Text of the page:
The usefulness of the invention is related partly to the volume/capacity of the combustion cage, in that a fire needs to produce a comfortable amount of heat to be worthwhile. Many types of heating devices are capable of producing heat ranging from 10,000 BTU's to over 80,000 BTU's per hour, the usual sought after range would be within 20,000 to 40,000 BTU's per hour. Based on the knowledge that the pellets made from sawdust have a BTU rating of 8,500 BTU per lb., then a cage capable of holding between 12 lbs to 16 lbs is capable of producing 34,000 BTU's per hour for up to 4 hours.
It has been found that using combustion cages of the size and capacity mentioned, has produced a consumption rate of approximately 4 lbs of fuel per hour. This rate of combustion combined with the capacity of the cage makes use of the device attractive in that the device can produce useful amounts of heat for several hours before refueling is required.
It should be understood that rectangular and oval cylindrical volumes having horizontal length dimensions greater than about 12 to 15 inches have also been used successfully under certain conditions. This is accomplished in the present invention by separating and/or stacking the fuel in spaced compartments to allow sufficient combustion air to reach the fuel without relying on mechanical or electrical devices to enhance combustion air flow. These other embodiments of the present invention having larger fuel volume capacity require the use of double-walled inserts to divide those larger volumes into compartments that are comparably sized to the pellet fuel mass volumes stated earlier. In fact, compartmentalized volumes have been successfully used when formed by a double-walled insert having approximately a 1/4" separation between the perforated walls of the insert. It is important to note that the amount of space between the perforated walls of the insert is not critical. The only limitation is that the insert be double-walled so that an air gap is formed which allows the free flow of combustion air there between.
Unlike the present invention, prior-art devices either have perforations that are too large to properly contain the wood pellet fuel or provide an insufficient air flow when unaided by mechanical means to efficiently burn the wood pellet fuel. Insufficient air flow in and around the wood pellet fuel causes the wood pellet fuel to smolder. Smoldering, in turn, produces lower heat output and incomplete burning of the fuel. The present invention overcomes these deficiencies by using properly-sized perforations throughout the combustion cage, both in the walls and the bottom of the container, to prevent fall-through of the wood pellet fuel and allow sufficient combustion air to enter the pellet fuel mass. These perforations, in combination with a sufficient hole-to-surface ratio and pellet volume mass, allows the present invention of reasonable scale, to efficiently burn a comparatively large fuel pellet volume, a volume capable of producing useful heat for up to 6-8 hours without replenishing the fuel.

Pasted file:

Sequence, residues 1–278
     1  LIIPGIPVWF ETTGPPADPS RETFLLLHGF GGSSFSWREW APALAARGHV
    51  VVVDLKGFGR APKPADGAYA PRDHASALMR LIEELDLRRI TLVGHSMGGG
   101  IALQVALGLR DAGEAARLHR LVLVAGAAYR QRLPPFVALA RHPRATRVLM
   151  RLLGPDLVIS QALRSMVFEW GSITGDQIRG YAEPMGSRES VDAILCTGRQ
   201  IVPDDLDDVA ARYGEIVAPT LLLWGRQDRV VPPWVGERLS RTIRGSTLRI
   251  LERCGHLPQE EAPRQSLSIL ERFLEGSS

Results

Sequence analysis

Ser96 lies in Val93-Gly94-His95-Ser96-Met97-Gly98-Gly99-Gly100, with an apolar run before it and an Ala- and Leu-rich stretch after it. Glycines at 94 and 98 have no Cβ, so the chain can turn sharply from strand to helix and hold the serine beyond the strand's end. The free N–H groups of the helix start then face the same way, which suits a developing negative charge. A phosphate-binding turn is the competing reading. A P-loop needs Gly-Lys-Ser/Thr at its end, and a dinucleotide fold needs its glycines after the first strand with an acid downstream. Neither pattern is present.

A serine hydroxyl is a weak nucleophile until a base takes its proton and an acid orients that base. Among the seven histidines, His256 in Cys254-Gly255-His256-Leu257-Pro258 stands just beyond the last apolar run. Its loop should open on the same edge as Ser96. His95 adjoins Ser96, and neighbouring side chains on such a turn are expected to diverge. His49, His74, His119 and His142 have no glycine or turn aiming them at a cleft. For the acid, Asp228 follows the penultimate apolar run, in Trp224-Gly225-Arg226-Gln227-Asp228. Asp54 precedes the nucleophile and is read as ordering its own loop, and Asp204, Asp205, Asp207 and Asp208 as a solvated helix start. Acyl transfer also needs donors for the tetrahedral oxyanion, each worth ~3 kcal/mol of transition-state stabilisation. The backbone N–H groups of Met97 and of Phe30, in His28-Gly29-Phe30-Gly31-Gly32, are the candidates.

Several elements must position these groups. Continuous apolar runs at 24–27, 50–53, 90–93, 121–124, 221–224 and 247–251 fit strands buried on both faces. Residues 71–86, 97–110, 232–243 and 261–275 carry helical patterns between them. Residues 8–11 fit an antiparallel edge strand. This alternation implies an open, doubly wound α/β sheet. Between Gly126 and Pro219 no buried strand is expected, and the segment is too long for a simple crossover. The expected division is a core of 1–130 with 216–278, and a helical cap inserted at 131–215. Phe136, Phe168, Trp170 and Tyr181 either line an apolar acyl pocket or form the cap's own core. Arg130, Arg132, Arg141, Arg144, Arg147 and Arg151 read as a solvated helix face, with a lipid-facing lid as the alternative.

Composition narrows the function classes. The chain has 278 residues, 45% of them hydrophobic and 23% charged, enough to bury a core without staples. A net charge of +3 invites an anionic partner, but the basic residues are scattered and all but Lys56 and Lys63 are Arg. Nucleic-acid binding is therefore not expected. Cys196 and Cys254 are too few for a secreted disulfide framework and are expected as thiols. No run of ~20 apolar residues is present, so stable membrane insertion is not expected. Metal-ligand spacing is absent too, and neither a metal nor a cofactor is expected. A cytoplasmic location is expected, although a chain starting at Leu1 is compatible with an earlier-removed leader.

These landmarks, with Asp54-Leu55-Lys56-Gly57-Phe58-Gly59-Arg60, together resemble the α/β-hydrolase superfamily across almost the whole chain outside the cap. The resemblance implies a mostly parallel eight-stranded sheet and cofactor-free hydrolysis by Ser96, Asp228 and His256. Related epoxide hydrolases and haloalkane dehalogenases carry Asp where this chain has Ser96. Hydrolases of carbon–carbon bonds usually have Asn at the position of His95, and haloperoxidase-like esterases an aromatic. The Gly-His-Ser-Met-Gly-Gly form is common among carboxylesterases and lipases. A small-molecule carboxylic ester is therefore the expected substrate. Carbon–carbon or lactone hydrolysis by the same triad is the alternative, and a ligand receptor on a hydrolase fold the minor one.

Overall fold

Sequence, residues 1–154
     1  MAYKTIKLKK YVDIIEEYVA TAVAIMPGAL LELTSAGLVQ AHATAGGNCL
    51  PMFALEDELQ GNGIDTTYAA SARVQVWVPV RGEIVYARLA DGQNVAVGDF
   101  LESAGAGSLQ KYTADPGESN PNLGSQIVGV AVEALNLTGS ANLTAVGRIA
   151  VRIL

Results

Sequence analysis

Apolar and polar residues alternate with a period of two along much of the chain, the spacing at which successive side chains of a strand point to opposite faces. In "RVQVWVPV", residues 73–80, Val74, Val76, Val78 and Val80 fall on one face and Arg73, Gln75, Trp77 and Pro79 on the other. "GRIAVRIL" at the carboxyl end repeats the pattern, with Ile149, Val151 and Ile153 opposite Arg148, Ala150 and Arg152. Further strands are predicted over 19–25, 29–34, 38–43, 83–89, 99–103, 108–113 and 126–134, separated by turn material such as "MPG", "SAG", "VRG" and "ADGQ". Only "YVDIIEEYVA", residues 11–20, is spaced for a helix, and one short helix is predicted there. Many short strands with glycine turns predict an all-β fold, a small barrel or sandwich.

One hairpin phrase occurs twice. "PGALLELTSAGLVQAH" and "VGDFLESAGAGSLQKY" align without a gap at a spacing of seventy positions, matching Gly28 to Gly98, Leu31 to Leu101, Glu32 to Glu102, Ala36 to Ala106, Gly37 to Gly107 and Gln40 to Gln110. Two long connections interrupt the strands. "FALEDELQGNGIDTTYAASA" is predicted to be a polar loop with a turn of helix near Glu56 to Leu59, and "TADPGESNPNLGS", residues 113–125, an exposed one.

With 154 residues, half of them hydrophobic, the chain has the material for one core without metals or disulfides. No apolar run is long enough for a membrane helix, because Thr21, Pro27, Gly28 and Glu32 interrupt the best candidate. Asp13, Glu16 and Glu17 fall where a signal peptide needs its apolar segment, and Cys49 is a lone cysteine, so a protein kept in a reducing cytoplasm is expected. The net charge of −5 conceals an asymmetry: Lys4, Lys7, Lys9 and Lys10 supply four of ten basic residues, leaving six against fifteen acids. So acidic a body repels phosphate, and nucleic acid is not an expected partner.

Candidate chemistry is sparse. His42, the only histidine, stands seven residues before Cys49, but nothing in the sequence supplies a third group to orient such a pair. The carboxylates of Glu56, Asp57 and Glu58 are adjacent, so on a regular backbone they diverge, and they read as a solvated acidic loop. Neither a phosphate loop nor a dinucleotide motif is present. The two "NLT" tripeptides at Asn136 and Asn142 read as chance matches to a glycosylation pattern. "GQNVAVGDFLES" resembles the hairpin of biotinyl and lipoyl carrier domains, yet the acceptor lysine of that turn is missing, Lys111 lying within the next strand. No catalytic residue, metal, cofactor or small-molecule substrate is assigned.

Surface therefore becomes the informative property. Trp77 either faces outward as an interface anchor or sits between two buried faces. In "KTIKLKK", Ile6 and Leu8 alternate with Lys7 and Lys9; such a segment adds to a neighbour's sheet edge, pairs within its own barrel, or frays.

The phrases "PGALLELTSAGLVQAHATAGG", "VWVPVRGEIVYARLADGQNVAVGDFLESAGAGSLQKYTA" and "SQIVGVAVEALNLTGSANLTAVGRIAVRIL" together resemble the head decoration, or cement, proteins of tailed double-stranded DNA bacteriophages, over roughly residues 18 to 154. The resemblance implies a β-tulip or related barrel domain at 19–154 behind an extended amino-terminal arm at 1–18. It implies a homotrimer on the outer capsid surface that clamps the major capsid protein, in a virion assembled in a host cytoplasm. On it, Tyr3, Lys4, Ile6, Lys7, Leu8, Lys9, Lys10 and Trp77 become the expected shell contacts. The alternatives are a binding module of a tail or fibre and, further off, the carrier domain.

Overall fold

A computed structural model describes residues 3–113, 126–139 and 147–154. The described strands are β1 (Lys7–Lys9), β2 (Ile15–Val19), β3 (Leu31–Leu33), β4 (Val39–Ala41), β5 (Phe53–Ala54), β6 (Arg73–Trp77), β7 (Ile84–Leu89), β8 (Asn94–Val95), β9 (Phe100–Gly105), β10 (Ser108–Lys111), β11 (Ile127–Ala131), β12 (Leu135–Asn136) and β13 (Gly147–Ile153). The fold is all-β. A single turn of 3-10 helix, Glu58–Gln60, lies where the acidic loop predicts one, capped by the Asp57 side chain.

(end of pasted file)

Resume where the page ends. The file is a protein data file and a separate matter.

The present invention can be manufactured in a variety of shapes and sizes to fit almost any wood stove or fireplace. These shapes may be rectangular or "cylindrical." The rectangular shapes encompass rectangular, cubic and trapezoidal volumes. The "cylindrical" shapes may be circular, ellipsoid or oval. Both types generally have supporting means such as legs, bars and the like for supporting the main housing portion of the present invention. The front supports are usually about 2 inches long while the back supports are generally either equal in length to the front supports or longer to provide an angle of inclination above the horizontal. As noted, better results have been obtained when the angle of inclination is in the range of about 12 to about 30 degrees from front to back. The supports may also be simply the continuation of the side walls where the bottom is recessed. Of course, in such a case, the side walls that extend below the bottom may have the perforations mentioned earlier or cut-outs to facilitate the natural air flow to the bottom of the combustion cage.
The present invention can be made out of perforated sheet metal, wire mesh, wire cloth, and the like. Choice of material will affect the usable life of the combustion cage of the present invention (Stainless Steel is presently used), but not its efficiency provided that the final product adheres to the factors/specifications mentioned earlier.